Indian Foreign Policy Post 2014

ModiA person aged 62, born and lived in Pakistan, having witnessed India and Pakistan involved in a mad race to accumulate the most lethal arms and attaining status of atomic powers at the expense of extreme poverty, having fought three wars, transformation of East Pakistan into Bangladesh and Kargil debacle is forced to draw a few conclusions:-

1) There is a growing perception, particularly in Pakistan that India is not a secular country. Over the years its policies have been driven by ‘hawks‘ who have not accepted 1947 partition and are not willing to resolve Kashmir issue on the premise, “we will not accept another division of Hindustan on the basis of religion”,

2) India has been accumulating arms from its friends (changing with the passage of time) with the sole purpose of creation of its hegemony in the region,

3) The US and former USSR supplies arm to India during the cold war era to enable it to fight China,

4) Even today India enjoys full support of the US, which prompted it to desert Iran-Pakistan-India pipeline in exchange for nuclear technology,

5) India continues to be one of the biggest buyers of Iranian oil and the US has not imposed any sanctions on it,

6) And on top of all the US is patronizing India in actively participating in the construction of Chabahar port in Iran and road and rail network to link it to Central Asian countries via Afghanistan.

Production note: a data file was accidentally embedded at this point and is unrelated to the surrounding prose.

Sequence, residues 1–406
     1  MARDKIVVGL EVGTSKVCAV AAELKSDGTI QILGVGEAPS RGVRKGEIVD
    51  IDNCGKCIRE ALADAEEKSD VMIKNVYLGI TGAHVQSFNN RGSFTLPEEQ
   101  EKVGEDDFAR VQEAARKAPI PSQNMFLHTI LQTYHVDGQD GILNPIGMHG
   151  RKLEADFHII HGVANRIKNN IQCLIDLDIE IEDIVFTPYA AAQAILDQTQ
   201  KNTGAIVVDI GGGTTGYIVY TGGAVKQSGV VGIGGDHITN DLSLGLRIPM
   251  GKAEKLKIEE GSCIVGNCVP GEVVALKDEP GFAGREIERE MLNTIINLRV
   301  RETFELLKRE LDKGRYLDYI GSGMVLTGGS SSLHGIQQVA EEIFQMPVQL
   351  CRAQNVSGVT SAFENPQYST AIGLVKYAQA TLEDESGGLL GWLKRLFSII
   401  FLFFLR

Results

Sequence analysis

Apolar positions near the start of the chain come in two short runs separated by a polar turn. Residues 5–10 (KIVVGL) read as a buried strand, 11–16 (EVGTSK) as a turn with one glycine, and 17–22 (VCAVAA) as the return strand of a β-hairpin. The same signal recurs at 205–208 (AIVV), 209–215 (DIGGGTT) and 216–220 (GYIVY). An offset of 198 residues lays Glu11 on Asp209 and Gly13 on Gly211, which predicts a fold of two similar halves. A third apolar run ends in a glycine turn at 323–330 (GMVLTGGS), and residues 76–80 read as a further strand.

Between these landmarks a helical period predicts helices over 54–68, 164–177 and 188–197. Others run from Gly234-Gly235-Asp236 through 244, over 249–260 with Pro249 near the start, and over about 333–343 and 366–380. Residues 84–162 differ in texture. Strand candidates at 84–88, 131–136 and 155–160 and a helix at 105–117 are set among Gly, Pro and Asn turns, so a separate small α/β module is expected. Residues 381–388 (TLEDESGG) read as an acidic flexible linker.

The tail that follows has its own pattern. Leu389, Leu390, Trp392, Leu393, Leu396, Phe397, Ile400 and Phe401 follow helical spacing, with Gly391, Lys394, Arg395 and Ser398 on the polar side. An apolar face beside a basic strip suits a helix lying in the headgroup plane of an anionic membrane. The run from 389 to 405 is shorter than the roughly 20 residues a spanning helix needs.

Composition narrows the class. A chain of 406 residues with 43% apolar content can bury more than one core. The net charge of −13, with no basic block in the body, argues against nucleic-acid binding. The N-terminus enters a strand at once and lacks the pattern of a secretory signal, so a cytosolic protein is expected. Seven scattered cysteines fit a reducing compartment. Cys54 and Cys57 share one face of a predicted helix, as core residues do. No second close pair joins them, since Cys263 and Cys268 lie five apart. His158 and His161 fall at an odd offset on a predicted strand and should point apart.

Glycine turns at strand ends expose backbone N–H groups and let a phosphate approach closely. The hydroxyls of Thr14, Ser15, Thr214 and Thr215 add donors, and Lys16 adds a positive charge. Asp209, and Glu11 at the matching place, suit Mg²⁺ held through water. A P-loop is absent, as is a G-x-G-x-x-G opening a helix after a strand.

Discussion about the contours of Indian foreign policy under Narendra Modi is too premature but one point is very clear that it is focused on creating Indian hegemony in the region that now comprises of South Asia, Middle East and South Africa (MENA). India is fully supported in this endeavor by the US having the eye on oil rich Arabian Peninsula, Iran, Central Asia and Afghanistan. The US has replaced USSR (now symbolized by Russia) as the best friend of India, particularly after the recent imposition of economic sanction on Russia. India joined Chabahar port and allied infrastructure project on the encouragement of the US to construct an alternative route that could undermine importance of Pakistan. Lately two ports, namely Gawadar and Chabahar, have emerged on Makran coast that are located at a distance of about 70 kilometers. One is located in Baluchistan province of Pakistan and other is situated in Sistan-Baluchistan province of Iran. Both the ports have been constructed with the stated objective of finding efficient and cost effective routes to energy-rich Central Asian countries passing through Afghanistan. The point to be explored is that both the ports have been constructed by two rivals, China and India, one an accepted world super power and the other a self-proclaimed regional super power. On almost every forum India tries to prove that Chinese involvement in Gwadar is a threat for its (Indian) existence. It also pleads that Indian Ocean should remain ‗arms free‘. However, navies of almost all the major powers are present in the area to protect their maritime trade. It may not be wrong to say that in the name of protecting their maritime trade certain countries have deployed their submarines and aircraft carriers in the Indian Ocean, which could become a ground for proxy war. India has been over reacting about Chinese assistance extended in the construction of Gwadar port in Baluchistan province of Pakistan. It has been creating the hype that Chinese presence in Gwadar is not only a serious threat for India but would also give China extra leverage in the region. India also accuses that China has acquired management control of Gwadar to use the facility as its naval base. This mantra is aimed at seeking support of United States and Russia, who consider China a major threat to their hegemony in the region.